Brands does not limit himself to just recounting the adventures in the gold fields. He focusses on the larger political, social and even military effects of the gold rush. The chapters recounting the lengthy, perilous journeys by land and sea that the gold miners took to get to Califorinia are particularly compelling. Brands also discusses at length the growth of San Francisco into a major city and the establishment of California's state government. Additionally, he devotes time examining the U.S. congresional Compromise of 1850, which allowed California to be admitted as a state only after a bitter and acrimonious sectional feud over slavery.
Brands is an excellent writer with that rare ability among historians to make his historicals accounts read like fiction. His book is well-researched and the author has a flair for capturing the essence of the historical figures involved. He also argues strenuously that the gold rush's effects on American politics as a whole, including pushing the country toward Civil War, should not be underestimated.
Overall, an outstanding work of history that can be enjoyed by serious students and casual readers alike.
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22 of 22 people found the following review helpful By Scott Snyder on October 30, 2002
Format: Hardcover
This is the story of the California Gold Rush, its impact on the American people then and now, and its contribution to the Civil War and the ultimate forging of the American nation.
Like his biography of Franklin, "The First American," Brands presents history in an engaging manner that allows the reader to imagine vividly conditions and lives in times gone-by. He brings history to life.
The narrative follows from the discovery of gold at Sutter's Mill and the mass, world-wide movement of humanity to California to the settling of San Francisco, the rush to statehood and the Compromise of 1850.
The core significance of the book for me wasn't so much about the gold, as about the debates and mounting animosities between slave and free states back east as California sought admission; and about how California, and the Central Pacific and Union Pacific railroads united a country on the East-West axis, even as the Civil War was forging a new union between North and South.
As Brands presents them, Leland Stanford and William Tecumseh Sherman are as large in the union of East and West as Lincoln and Grant are in uniting North and South. Stanford as the first Republican governor of California met with Lincoln - the "rail-splitter" and former railroad attorney. Grant and Sherman worked together in the war, but before then, Sherman was a banker in San Francisco, commuting between New York and the West coast.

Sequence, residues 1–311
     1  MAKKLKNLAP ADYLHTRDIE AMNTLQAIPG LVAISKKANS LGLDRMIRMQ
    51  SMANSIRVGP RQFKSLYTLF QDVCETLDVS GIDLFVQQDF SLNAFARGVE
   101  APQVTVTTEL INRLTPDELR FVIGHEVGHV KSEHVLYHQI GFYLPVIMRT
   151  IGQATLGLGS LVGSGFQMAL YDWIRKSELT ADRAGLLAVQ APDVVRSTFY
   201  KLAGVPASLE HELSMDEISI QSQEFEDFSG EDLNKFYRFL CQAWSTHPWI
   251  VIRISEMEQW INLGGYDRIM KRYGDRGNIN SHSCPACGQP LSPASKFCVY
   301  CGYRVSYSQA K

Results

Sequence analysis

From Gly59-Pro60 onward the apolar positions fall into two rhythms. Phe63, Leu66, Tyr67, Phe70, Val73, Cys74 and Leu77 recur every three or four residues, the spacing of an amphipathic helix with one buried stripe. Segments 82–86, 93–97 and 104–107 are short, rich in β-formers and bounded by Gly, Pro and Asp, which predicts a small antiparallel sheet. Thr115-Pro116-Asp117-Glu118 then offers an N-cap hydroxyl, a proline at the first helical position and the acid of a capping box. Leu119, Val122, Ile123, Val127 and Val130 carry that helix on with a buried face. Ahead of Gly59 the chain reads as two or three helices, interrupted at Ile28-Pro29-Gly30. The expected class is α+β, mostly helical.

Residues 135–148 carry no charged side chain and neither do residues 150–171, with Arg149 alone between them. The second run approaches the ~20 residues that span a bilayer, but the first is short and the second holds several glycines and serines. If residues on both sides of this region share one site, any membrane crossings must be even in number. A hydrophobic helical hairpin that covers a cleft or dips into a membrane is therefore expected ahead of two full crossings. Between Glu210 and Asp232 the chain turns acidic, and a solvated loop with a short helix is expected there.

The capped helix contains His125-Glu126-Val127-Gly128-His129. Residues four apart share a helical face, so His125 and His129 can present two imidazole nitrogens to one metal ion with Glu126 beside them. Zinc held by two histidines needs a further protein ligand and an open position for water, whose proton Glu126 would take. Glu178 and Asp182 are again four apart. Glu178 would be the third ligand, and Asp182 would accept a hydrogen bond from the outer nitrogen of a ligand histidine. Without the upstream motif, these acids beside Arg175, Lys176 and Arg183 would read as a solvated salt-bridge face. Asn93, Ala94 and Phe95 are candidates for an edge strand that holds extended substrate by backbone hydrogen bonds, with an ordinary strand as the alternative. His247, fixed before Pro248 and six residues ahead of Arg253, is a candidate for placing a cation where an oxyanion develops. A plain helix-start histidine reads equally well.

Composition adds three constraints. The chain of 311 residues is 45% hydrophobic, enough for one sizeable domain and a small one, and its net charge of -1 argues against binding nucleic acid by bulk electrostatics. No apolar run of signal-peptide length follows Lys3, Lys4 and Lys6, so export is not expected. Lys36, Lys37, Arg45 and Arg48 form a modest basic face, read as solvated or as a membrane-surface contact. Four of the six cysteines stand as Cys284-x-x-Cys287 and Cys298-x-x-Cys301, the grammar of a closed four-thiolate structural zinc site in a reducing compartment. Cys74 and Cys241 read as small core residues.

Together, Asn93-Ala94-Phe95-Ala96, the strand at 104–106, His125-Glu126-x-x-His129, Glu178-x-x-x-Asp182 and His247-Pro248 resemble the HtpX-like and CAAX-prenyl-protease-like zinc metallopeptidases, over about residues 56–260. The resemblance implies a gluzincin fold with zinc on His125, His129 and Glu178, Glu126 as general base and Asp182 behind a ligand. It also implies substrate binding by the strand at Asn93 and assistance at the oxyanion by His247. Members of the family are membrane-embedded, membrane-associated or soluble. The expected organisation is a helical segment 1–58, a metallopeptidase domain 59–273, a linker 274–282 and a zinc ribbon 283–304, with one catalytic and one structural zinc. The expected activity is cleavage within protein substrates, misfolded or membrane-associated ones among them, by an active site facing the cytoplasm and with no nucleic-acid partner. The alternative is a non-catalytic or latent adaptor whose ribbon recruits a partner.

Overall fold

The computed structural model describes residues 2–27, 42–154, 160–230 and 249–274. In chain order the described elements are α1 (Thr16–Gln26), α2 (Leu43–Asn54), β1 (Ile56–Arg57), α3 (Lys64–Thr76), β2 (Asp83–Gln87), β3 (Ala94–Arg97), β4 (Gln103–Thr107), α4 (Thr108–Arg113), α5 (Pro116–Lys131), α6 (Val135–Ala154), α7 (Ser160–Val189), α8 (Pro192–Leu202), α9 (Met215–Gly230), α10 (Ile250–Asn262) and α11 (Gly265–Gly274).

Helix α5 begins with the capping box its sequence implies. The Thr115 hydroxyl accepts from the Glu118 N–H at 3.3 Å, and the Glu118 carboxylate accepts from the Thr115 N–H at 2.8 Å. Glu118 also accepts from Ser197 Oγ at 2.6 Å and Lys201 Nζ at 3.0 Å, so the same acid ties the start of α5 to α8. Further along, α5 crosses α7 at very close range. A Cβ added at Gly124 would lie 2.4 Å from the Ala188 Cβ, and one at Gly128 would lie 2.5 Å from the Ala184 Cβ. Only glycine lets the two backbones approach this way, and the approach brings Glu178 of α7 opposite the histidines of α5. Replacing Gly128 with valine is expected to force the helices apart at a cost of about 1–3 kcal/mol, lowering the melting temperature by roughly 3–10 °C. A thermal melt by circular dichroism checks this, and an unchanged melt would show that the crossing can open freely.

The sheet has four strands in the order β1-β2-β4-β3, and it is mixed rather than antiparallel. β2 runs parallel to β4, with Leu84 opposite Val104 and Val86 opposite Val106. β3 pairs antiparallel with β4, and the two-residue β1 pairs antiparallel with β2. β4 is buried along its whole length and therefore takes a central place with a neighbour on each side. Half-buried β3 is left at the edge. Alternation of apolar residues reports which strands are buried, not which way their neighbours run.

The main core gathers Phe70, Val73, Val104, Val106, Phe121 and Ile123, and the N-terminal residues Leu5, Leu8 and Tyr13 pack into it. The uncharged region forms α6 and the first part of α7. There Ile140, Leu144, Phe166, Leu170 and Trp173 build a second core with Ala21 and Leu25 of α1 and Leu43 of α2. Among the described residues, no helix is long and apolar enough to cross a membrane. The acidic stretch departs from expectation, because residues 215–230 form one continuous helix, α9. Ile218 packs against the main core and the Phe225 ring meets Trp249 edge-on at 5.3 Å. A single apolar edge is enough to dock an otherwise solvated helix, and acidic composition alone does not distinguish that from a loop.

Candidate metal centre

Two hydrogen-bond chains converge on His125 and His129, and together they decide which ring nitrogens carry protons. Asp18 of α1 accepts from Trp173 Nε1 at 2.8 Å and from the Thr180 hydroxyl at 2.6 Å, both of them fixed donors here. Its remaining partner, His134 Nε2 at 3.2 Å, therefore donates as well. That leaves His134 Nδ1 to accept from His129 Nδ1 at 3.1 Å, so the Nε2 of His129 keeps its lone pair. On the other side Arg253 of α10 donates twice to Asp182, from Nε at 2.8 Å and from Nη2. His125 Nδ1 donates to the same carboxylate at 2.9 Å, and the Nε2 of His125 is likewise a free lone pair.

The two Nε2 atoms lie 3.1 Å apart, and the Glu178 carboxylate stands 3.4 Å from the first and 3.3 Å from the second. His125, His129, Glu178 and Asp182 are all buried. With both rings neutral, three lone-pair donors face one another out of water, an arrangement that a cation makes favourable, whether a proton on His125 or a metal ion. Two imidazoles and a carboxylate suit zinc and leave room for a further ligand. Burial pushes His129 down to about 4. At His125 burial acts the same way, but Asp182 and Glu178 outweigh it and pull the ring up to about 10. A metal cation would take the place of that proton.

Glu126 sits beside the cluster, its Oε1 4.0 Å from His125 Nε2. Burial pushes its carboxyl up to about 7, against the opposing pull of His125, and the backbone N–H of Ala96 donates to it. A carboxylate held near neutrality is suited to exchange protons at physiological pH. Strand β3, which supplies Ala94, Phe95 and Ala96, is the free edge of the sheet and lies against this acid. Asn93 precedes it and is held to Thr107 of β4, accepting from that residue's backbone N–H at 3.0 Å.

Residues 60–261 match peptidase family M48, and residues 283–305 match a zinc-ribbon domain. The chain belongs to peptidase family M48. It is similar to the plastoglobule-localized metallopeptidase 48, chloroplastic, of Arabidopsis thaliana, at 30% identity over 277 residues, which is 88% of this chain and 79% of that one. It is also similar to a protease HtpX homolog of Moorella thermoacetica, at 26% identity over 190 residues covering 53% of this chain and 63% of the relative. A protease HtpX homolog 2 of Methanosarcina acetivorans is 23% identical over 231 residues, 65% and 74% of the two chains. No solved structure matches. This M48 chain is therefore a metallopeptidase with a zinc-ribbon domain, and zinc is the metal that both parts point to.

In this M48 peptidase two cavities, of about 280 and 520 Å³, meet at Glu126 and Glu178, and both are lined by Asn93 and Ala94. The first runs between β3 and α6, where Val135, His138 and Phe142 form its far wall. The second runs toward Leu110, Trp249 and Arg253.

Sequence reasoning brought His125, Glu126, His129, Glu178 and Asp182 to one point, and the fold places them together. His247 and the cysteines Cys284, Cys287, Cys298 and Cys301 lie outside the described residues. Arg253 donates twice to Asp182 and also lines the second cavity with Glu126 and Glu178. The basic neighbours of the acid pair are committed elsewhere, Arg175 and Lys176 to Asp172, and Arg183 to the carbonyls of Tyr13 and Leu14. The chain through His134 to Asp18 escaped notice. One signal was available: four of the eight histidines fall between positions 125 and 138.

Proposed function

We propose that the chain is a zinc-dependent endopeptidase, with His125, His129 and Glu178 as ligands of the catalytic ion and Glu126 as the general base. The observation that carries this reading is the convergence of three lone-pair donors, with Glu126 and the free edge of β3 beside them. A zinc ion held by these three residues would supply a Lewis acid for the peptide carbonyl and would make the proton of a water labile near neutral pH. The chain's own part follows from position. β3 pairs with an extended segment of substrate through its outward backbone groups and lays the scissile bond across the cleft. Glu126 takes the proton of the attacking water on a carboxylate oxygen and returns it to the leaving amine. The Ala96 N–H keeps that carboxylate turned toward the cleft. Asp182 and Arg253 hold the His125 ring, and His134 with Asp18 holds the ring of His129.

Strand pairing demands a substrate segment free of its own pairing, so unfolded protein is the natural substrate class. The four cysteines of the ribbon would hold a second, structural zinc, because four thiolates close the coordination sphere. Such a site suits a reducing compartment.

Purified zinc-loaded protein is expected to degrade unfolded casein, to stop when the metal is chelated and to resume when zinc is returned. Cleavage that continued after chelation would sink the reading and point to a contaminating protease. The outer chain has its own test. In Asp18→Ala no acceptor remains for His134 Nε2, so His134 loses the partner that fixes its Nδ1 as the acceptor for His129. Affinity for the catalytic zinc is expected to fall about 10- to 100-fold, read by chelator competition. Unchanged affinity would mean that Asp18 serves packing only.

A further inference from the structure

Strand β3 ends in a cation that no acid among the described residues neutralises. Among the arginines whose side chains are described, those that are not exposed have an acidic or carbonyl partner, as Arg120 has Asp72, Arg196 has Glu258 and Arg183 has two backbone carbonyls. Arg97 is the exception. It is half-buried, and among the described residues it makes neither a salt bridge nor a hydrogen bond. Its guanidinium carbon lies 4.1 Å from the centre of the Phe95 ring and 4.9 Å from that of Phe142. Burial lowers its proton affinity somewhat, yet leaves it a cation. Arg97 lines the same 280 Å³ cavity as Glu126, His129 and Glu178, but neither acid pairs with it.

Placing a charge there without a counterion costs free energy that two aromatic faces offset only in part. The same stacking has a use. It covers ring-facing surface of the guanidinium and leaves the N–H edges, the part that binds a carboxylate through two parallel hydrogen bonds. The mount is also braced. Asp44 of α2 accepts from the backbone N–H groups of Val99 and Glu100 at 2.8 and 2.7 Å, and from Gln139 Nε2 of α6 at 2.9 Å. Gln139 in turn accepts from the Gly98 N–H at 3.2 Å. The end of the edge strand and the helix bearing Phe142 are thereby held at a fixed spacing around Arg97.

From California gold, the narrator follows the prospectors into Nevada and its silver mines. Brands includes Mark Twain's observations on the silver bubble of that day. In a manner of speaking, Twain worked for a time as a stock analyst covering Nevada mining companies in very much the same way dot.com analysts operated in recent years.
Read more ›
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25 of 26 people found the following review helpful By David J. Loftus on August 28, 2002
Format: Hardcover
This kind of larger scale canvas is a bit of a switch for Teddy Roosevelt and Ben Franklin biographer H.W. Brand, a history prof at Texas A&M. Yet he has turned out a smooth and accessible work on the process and possible long-term effects of the California gold rush.
Brand manages a fine mix of the larger view -- statistics, maps of larger immigration movements, etc. -- with storylines of various specific characters, from the familiar (General William Sherman and John Fremont), to the vaguely familiar (Leland Stanford and the actual discoverer of gold at Sutter's Mill, James Marshall), to the unknown (fortune hunters and settlers who chronicled their trips across the western prairies as well as from Australia, France, and China). Although the Chinese experience still gets short shrift, Brand has chosen some terrific characters (and decent writers) from other foreign lands to tell their stories.
This book also makes very clear how hard a time most people had of it. Brand describes in detail the effort of crossing the raw continent, the many human and animal carcasses that fell by the wayside (or succumbed to violence), and the arduous physical process of extracting precious metals from the earth until industrialization took over that work too.
One of the more eye-opening sections for me was the description of how many fires -- big, devastating ones -- San Francisco suffered in the 1840s and 1850s.
In trying to make a case for the larger and long-term effects of the gold rush (impressive shifts of world population, the decline of the Native American west due largely to the railroads), Brand gets a little far afield from California's gold fields toward the end of the book, but the text is always interesting and very readable.